According to Michael Porter, a company has a ‘competitive advantage’ when it holds power over its suppliers, competitors and/or customers by virtue of its position in the supply chain. He described 5 forms of power: the power of suppliers; the power of customers; barriers to entry; threat of substitutes and industry rivalry. Porter argued that companies with a competitive advantage generate supra-normal profits.
Porter’s analysis considers companies competing within a free market and it implies the immediate investable future. Strategic advantage, on the other hand, implies a longer-term perspective involving decisions in the short term to secure a longer-term advantage. Strategic advantage may apply to industries of critical national importance where profit is not the main motive, such as energy, healthcare and defence.
While companies can take actions to secure a competitive advantage, it often requires government intervention to secure a strategic advantage due to the timescales and risks involved.
The semiconductor industry is a classic example of strategic advantage vs competitive advantage. Long-term investments by Korea and Taiwan in silicon chip research since the 1980s have developed world-leading capabilities in silicon chip fabrication, especially at leading edge nodes.
In response to Korean and Taiwanese initiatives, other companies have adapted by specialising in other parts of the semiconductor value chain. For example, the UK developed world-leading capabilities in silicon chip design, with companies such as Graphcore designing the world’s most advanced silicon chips, which contain over 50 billion transistors and can only be fabricated by TSMC in Taiwan. ASML (Netherlands) develop extreme ultraviolet lithography machines required by TSMC to fabricate these chips.
Specialising in a particular function encourages innovation, improves productivity and drives down costs. This approach has reduced the cost of a PC from around $5,000 in the 1980s to under $500 today and accelerated the development of new products such as smart phones.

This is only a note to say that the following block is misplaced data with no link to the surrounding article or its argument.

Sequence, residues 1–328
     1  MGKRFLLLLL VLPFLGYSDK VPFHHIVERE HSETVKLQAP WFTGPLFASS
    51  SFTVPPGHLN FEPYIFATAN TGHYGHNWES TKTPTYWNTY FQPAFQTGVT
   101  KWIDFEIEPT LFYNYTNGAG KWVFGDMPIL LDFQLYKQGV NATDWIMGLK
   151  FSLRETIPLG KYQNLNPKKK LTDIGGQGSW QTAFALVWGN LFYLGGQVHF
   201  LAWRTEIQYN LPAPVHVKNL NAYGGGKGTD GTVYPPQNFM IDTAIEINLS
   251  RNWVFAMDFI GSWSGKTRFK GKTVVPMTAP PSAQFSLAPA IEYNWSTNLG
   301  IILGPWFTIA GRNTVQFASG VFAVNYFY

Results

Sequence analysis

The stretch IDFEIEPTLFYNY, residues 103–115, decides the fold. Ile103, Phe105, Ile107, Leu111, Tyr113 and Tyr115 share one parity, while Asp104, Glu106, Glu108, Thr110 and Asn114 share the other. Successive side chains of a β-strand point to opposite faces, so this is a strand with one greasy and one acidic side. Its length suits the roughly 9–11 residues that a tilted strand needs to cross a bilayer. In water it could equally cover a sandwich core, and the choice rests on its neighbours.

The pace of specialisation accelerated during the 1990s with companies seeking competitive advantage by off-shoring to high-volume, low-cost economies. This reduced production costs at the expense of creating complex, global supply chains.
As modern products become increasingly dependent on semiconductors, supply chain disruptions have a disproportionate impact on national economies, as witnessed during the recent chip shortage; one often cited example is the inability to complete production of a $30k vehicle due to the lack of a $10 chip.
The table below illustrates our dependence on semiconductors:
This table highlights the variety of semiconductors used in a typical product, namely silicon, compound and emerging semiconductors. Typically, silicon chips run the software, while compound semiconductors, comprising two or more elements from the periodic table, provide specialist functions such as facial recognition and power management. A newer category of ‘emerging’ semiconductors provide ancillary functions such as displays.
As economic security requires access to the semiconductors outlined above, several countries have announced initiatives to improve supply chain resilience: